Faculty Research

Research Description

Lisa Cacho's work demonstrates how race, gender, sexuality, class, nation, and legality work interdependently to assign human value and to render relations of inequality normative, natural, and obvious in both dominant and oppositional discourses. To understand how the rhetoric and discourse of value are both institutionalized and popularized to devastating effect, she analyzes a range of sources, such as ballot measures ascribing “illegality” to persons, legal provisions targeting “criminal aliens,” court documents evaluating degrees of “guilt,” and related media accounts that manage and make sense of racial contradictions. Her book, Social Death: Racialized Rightlessness and the Criminalization of the Unprotected (NYU press, 2012) examines the ways in which representations of race and race relations mediate how we affectively and intellectually apprehend criminal justice and civil/human rights.

Research Interests

comparative race and ethnic studies
criminalization and immigration
women of color feminism and queer of color critique

Research Description

Julie Dowling is currently working on a project on how various racial groups feel about the government. The project draws on interviews in Chicago and the San Francisco Bay Area, as well as original survey data from Illinois and California.  

Research Interests

Racial/Ethnic Identity 

Racial Attitudes and Ideology

Gender and Sexuality

Immigration   

Research Description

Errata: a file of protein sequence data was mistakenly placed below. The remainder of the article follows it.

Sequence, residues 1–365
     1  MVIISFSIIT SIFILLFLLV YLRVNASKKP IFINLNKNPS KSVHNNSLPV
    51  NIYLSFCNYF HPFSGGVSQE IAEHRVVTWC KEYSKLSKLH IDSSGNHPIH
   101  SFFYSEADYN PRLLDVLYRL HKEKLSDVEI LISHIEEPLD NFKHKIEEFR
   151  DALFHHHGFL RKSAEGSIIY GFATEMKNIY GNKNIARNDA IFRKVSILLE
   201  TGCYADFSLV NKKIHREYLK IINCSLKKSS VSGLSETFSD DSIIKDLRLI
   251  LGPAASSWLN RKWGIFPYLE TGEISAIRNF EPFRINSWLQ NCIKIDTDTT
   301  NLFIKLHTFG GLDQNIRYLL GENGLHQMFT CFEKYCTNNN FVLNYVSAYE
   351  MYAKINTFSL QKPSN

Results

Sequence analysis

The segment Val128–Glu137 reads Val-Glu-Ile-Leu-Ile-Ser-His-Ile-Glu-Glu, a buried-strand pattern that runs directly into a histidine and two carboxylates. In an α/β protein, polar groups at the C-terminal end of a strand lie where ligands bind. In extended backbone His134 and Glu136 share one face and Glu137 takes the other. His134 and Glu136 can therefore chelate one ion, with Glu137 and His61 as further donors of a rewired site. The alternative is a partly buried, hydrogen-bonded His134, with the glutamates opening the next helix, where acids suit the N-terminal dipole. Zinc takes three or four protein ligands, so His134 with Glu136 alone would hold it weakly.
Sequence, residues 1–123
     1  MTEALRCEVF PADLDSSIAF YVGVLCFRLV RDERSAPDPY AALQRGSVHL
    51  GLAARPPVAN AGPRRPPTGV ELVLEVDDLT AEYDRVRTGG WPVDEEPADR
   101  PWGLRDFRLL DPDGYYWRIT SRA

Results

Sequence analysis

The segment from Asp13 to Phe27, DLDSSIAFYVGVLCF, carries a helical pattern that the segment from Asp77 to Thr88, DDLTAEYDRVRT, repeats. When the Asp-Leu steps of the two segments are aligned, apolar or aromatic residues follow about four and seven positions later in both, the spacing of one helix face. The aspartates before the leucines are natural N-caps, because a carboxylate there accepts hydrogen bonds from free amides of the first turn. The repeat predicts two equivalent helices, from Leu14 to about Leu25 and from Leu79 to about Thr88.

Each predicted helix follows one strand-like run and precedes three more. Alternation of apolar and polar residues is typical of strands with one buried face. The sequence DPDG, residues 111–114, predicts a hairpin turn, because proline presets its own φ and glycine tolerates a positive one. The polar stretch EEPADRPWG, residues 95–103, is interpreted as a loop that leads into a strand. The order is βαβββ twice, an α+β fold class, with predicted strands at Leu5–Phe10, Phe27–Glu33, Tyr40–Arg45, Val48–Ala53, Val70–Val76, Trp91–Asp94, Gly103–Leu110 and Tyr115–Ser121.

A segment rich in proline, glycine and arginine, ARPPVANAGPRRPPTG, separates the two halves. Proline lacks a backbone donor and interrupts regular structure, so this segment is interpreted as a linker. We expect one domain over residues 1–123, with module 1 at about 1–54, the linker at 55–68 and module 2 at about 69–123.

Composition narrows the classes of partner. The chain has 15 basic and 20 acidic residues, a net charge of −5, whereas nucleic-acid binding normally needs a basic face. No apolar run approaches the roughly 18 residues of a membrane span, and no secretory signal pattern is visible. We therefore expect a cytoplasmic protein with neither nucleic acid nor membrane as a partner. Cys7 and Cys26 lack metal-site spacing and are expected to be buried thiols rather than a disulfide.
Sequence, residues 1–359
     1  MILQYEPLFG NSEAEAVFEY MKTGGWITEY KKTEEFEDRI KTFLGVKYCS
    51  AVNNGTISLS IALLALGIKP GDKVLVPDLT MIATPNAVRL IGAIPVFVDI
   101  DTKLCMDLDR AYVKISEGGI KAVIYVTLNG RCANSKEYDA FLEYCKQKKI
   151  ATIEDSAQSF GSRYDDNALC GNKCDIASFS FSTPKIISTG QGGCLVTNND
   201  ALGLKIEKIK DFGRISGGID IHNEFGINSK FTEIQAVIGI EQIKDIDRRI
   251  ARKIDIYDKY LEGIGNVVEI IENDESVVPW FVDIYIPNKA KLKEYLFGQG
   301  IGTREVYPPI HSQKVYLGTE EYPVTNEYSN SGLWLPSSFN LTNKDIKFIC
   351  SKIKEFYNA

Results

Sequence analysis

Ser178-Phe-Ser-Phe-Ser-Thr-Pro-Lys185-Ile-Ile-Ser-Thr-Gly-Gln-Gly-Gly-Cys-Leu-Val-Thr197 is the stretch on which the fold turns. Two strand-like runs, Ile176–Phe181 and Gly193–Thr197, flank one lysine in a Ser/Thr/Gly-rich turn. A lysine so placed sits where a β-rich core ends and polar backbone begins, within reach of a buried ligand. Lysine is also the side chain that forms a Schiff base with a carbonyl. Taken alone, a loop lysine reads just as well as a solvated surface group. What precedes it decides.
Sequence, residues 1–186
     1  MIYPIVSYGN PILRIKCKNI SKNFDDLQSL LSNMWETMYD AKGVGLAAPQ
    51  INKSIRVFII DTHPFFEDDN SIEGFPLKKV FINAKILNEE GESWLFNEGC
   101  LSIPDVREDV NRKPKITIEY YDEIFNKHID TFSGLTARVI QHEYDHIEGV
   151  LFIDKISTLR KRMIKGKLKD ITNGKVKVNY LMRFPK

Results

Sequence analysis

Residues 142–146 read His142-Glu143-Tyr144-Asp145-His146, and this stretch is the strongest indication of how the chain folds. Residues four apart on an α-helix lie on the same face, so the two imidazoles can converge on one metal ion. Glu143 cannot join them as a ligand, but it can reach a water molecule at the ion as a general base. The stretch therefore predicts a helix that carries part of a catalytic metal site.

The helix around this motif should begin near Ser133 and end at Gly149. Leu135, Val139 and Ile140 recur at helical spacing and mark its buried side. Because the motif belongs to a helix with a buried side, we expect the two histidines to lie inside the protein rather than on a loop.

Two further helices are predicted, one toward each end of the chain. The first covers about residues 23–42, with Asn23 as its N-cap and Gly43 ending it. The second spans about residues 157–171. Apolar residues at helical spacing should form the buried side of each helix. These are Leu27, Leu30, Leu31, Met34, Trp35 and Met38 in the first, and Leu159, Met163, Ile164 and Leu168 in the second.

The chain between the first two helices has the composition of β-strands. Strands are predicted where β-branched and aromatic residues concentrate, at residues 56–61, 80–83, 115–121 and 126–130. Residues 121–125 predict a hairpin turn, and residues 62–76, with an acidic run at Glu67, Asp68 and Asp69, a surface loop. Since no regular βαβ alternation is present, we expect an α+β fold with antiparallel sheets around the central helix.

Prof. Inda is currently working on a book tentatively titled Confined to Death: Uncaring Medicine and the Necropolitics of Detention. The book focuses on the deadly consequences of care in immigration detention. It argues that the states’ responsibility to care for those in its custody clashes with the governmental and popular construction of immigrants as undeserving criminals, producing what he calls “uncaring medicine.” This is a type of medicine that cares little for migrant bodies, providing only enough care to minimally sustain life. The goal of detention care appears to be nurturing the lives of detainees only modestly—to give them just enough care so that they are in good enough health to be released or deported. This just enough approach to medical care in detention has disastrous consequences for detainees. Many migrants need more than just enough health care. Since 2003, there have been about 188 deaths in immigration detention. Substandard care contributed to many of these deaths. Ultimately, the book suggests that spaces of detention function as technologies of elimination where migrants are uncaringly treated to death.